DC Plan Sponsors and Participants Get Disaster Relief
In response to Hurricanes Florence and Michael, and the 2018 California wildfires, the Internal Revenue Service (IRS) and Department of Labor (DOL) have extended relief to those affected by the disasters from certain defined contribution (DC) plan requirements.
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Individual relief for those impacted by the hurricanes:
- Hurricane victims will have easier access to DC plan funds until March 15, 2019. Hurricane Florence areas include specific counties in North Carolina, South Carolina, and Virginia, and designated Hurricane Michael counties are in Alabama, Florida, and Georgia.
- Relief is available to employees or former employees whose primary residence or place of employment is located in covered disaster areas. Participants who live outside the area may take out a loan or hardship withdrawal and use it to assist a child, parent, grandparent, or other dependent who lived or worked in the disaster area.
- The IRS also provided relief from certain procedural rules that normally apply to loans and distributions. For example, if a loan or distribution requires spousal consent or a death certificate, if applicable, the plan will not be disqualified for failing to secure the death certificate if it is reasonable to believe that the spouse is deceased, and the plan administrator makes reasonable efforts to obtain the death certificate as soon as practicable.
- The IRS provided relief from certain administrative requirements for hardship withdrawals. Under the current rules, a participant is prohibited from making deferrals for at least six months following a hardship withdrawal. Plans need not apply this restriction for impacted individuals. The current six-month suspension requirement will be eliminated beginning in 2019.
These modifications have not yet been confirmed for victims of the California wildfires, but we expect they will be granted in due time.
The IRS emphasized that the tax treatment of loans and distributions remains unchanged. Loans are tax-free if they are repaid over a period of five years or less, and hardship withdrawals are generally taxable and subject to a 10% early withdrawal tax.
Plan sponsor relief for hurricanes and wildfires:
- Plans will be allowed to make the loans or hardship withdrawals described above before the plan is formally amended to provide for such features.
- Plan administrators may rely on representations from the participant as to the need for and amount of a hardship withdrawal. However, the plan administrator must make a reasonable attempt to assemble any documentation as soon as practicable.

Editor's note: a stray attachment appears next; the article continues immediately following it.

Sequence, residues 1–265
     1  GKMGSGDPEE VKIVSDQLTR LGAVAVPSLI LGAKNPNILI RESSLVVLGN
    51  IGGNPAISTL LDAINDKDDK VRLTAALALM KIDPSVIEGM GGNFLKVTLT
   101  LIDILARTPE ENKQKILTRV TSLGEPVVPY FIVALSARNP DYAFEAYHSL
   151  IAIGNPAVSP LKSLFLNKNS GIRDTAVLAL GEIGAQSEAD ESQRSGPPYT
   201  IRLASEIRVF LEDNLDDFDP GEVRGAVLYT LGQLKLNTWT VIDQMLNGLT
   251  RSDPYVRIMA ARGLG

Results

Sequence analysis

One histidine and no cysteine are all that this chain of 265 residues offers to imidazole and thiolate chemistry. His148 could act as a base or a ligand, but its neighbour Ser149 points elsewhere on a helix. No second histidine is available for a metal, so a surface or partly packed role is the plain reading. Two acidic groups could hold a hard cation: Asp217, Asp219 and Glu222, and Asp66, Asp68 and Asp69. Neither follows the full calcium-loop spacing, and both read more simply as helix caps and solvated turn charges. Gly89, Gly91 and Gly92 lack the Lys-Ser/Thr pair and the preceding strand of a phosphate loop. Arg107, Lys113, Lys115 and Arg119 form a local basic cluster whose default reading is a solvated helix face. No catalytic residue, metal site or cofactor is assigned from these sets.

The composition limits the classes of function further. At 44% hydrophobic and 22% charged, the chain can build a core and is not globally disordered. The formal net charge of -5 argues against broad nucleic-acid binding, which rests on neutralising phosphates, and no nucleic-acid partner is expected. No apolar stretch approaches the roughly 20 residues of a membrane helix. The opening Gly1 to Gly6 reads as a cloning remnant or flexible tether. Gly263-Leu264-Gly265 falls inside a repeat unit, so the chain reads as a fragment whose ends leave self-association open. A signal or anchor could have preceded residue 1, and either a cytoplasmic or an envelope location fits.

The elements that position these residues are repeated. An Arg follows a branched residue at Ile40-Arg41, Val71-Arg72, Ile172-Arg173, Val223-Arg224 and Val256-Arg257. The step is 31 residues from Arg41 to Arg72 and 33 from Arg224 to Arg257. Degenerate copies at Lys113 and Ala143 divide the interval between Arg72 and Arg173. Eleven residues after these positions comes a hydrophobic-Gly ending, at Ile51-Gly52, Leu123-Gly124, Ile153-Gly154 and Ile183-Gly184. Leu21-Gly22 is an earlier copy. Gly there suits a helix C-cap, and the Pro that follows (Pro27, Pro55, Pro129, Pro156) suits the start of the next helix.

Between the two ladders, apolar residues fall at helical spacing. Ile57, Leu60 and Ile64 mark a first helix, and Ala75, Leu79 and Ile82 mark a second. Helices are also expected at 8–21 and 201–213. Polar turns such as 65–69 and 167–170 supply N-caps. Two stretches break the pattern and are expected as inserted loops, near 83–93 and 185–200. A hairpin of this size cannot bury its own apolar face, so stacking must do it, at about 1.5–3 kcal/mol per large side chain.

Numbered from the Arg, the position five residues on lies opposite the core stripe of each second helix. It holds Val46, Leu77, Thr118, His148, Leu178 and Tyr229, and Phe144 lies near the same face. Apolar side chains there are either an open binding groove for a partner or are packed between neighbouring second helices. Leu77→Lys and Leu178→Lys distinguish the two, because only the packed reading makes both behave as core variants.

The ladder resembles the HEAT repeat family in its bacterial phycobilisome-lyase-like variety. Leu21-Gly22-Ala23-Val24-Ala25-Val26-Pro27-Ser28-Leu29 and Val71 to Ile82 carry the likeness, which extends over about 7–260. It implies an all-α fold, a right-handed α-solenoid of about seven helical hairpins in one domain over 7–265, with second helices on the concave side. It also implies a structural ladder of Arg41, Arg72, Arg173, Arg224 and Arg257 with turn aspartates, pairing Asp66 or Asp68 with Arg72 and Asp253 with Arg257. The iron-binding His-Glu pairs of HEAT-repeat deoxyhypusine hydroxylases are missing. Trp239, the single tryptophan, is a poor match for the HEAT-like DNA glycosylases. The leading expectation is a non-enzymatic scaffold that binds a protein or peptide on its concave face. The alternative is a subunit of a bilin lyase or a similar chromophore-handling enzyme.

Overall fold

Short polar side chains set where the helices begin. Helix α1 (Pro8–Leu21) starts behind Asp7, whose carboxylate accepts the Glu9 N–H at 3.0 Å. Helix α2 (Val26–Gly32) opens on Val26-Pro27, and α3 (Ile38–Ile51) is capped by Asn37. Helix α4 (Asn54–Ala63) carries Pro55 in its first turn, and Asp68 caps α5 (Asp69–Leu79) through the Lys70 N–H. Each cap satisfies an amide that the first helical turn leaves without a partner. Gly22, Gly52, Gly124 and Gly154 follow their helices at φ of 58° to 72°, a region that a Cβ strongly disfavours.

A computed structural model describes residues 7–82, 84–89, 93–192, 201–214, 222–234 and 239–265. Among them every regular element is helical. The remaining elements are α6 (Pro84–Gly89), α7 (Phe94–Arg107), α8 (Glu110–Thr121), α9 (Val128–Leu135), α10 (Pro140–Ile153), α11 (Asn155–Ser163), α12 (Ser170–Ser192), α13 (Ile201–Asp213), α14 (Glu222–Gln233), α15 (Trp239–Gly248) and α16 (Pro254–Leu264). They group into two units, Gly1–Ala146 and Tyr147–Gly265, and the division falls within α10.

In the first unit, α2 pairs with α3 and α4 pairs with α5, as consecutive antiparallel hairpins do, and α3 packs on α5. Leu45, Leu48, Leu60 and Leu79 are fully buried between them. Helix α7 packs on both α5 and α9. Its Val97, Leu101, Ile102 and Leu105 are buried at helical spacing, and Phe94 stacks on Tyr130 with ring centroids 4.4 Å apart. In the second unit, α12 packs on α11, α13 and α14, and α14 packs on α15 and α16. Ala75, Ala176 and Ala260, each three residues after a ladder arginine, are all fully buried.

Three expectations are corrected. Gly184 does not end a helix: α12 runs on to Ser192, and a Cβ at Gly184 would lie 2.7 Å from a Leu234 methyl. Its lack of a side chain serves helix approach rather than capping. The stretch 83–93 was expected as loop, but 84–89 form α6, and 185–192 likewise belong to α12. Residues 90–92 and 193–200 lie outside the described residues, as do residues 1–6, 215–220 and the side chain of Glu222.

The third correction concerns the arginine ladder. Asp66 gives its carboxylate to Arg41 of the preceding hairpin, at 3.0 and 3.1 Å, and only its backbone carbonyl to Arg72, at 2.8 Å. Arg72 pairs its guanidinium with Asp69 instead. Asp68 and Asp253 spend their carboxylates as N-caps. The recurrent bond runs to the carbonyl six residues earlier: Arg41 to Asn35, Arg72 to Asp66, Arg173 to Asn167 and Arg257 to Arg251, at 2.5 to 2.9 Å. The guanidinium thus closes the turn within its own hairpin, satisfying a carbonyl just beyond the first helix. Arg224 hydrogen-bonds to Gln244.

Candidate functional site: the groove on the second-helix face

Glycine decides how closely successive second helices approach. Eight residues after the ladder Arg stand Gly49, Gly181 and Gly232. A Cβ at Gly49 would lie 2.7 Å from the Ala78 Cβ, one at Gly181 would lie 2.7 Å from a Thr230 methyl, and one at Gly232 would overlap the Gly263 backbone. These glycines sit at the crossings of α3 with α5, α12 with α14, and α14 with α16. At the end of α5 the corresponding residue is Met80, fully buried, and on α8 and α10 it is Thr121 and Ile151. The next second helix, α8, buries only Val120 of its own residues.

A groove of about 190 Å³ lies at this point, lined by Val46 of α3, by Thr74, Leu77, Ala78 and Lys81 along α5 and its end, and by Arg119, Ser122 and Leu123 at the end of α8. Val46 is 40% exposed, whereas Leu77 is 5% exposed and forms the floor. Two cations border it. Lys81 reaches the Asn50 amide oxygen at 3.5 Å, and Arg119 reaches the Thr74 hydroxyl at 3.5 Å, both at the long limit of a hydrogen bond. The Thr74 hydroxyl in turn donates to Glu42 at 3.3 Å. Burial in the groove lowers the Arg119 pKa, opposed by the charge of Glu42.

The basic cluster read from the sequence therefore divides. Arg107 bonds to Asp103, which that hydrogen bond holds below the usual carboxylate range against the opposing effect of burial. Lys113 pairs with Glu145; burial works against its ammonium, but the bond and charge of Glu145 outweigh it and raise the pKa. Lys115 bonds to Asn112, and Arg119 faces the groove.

- The DOL granted limited relief from the requirement that contributions and loan repayments be made in a timely manner. This is not a blanket waiver for funding, but it allows plan sponsors some leeway if they are unable to make the contributions. This relief is available to employers and service providers located in the covered disaster areas and is predicated on the understanding that affected employers and service providers comply with those requirements as soon as practicable.
- The DOL also granted relief to DC plans that may inadvertently experience a blackout. This is a period of more than three consecutive business days that a participant’s ability to direct investments, obtain loans, or receive other distributions from the plan is limited.
- Plans with filing deadlines that were impacted by the disasters are granted additional time to file. These dates vary based on the timing of the disaster.
Bottom Line: The extent of the relief and the parties covered vary by agency and the timing of the disaster in question. Service providers will need to identify individuals who are eligible for relief, which may include relatives of participants. Plan sponsors should work with their plan administrators to confirm appropriate protocols are in place to manage transactions prompted by the recent disasters and to gather the required documentation at a later date. Plan sponsors also should consider long-term planning to streamline plan administration in the event of future disasters.
For more information on the types of disaster relief, visit the dedicated IRS and DOL webpages.